Helen Cammock’s Turner Prize-nominated film focuses firmly on women’s various fights for social justice in Derry.
“There is a point in Helen Cammock’s film The Long Note when Bernadette Devlin McAliskey neatly captures women’s invisibility in the story of northern Irish civil rights. She says that “a whole history that didn’t belong to me” was ascribed to her, referring to her own notoriety in the period and the fact that people will often say she was at protests, riots or other key events that she actually had no part in. This, she argues, is because “women get amalgamated into the visible one woman” when history gets told. The media and the political establishment need their headline-friendly figure and any other women who were actually there fade into the background.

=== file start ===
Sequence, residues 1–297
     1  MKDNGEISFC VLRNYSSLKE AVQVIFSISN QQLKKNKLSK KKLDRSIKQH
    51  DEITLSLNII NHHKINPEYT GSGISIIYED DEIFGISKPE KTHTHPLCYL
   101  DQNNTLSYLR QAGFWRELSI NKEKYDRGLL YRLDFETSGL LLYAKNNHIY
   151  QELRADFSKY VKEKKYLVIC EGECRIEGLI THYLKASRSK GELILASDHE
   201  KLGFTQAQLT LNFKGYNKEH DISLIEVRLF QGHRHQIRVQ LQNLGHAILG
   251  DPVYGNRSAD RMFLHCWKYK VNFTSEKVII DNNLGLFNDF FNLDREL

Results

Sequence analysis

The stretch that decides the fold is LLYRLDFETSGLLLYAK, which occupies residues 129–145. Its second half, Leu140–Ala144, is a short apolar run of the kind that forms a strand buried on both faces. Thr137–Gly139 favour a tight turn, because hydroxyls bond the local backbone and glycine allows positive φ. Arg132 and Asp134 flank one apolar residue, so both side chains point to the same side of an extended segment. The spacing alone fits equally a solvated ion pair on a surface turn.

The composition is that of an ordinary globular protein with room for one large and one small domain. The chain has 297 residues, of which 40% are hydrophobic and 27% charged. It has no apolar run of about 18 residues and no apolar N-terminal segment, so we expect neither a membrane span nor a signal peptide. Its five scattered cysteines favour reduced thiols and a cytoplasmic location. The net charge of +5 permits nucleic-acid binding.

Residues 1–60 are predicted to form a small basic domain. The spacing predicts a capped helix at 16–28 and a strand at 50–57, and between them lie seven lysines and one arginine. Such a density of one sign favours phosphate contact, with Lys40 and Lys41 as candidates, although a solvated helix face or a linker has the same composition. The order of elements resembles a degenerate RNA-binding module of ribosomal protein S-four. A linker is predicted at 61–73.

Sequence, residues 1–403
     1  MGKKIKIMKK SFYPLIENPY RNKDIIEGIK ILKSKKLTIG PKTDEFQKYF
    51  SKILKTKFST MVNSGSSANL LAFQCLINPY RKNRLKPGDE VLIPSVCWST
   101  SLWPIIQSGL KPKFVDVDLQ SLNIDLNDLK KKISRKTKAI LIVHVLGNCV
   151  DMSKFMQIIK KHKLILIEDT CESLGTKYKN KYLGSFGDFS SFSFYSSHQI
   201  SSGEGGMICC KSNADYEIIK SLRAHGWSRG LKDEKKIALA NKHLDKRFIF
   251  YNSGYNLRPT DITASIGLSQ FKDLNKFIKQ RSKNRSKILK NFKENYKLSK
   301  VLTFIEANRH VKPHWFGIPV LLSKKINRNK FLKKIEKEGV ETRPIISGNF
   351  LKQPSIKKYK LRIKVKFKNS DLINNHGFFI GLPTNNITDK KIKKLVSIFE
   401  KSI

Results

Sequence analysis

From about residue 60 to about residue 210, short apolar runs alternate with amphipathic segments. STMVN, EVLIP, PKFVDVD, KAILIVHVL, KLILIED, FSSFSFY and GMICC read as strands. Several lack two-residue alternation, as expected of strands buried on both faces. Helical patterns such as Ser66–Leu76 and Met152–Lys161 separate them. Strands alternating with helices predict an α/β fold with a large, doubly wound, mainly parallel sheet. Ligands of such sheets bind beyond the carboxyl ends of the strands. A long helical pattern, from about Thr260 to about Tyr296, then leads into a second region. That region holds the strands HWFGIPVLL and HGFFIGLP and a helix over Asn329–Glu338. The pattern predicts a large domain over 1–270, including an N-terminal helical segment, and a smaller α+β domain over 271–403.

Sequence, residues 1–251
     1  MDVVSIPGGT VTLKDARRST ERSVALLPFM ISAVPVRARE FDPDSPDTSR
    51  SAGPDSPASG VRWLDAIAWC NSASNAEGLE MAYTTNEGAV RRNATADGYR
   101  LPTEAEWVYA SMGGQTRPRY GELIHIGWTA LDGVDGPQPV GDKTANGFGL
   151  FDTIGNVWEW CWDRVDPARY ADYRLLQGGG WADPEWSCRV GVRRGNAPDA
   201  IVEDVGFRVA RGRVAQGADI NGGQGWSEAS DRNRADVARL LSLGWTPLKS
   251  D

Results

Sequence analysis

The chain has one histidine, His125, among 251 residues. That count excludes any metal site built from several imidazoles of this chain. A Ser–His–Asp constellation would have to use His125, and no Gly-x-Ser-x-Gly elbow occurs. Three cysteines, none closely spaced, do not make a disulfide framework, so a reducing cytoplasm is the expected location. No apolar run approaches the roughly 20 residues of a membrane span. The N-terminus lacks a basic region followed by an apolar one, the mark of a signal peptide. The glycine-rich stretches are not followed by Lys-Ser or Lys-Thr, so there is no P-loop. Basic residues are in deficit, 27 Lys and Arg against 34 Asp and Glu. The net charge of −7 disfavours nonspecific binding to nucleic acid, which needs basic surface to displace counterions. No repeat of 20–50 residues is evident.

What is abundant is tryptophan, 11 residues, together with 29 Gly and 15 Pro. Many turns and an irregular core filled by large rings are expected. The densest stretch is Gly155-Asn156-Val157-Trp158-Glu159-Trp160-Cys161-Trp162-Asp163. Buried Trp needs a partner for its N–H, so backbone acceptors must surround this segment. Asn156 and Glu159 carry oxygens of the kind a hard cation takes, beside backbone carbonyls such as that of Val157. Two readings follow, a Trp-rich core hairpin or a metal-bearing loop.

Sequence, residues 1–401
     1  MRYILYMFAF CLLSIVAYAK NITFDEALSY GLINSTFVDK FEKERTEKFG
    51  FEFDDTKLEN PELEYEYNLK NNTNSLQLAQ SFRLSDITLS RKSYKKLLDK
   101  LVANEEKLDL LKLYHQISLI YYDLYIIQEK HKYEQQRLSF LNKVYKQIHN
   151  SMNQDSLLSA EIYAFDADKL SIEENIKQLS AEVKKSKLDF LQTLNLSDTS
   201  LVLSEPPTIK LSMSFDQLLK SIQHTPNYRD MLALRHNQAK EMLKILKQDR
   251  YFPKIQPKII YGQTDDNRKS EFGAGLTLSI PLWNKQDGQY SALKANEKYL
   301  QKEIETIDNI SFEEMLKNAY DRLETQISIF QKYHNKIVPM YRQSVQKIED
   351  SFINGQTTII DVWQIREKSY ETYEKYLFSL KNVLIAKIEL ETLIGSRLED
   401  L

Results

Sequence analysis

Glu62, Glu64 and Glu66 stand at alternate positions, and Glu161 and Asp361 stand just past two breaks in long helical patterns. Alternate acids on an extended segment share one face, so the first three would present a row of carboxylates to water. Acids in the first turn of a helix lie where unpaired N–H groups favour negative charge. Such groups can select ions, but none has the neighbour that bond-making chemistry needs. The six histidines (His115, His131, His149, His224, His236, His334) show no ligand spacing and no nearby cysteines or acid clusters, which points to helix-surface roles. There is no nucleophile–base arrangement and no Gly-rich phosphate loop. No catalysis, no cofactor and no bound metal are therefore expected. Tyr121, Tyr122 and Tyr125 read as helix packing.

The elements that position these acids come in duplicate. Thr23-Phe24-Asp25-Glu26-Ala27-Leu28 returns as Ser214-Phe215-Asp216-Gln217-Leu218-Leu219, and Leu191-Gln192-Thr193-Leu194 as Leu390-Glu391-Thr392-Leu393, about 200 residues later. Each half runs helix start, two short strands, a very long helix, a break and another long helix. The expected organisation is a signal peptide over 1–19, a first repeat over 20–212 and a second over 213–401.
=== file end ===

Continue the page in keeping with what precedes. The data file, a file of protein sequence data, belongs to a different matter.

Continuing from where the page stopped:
The Long Note, which focuses explicitly on women in Derry, exists in the context of such commemoration, a context in which questions around who and what gets remembered are crucial for present realities. While the film uses the voices of well-known individuals such as activist journalist Nell McCafferty, the voices of the other women who were involved in the conflict are just as important. Archive footage and interviews highlight the political work performed by women in public and private settings.”
The above excerpt is taken from Eli Davis analysis of The Long Note: ‘How The Long Note tells the histories of the women of Derry‘. RTE Brainstorm.
The Long Note will run from the 9th – 28th November in The Beanbag Cinema.
The film will run on a loop. You can call in between 11am and 4pm, Tuesday to Saturday within these dates to view the film.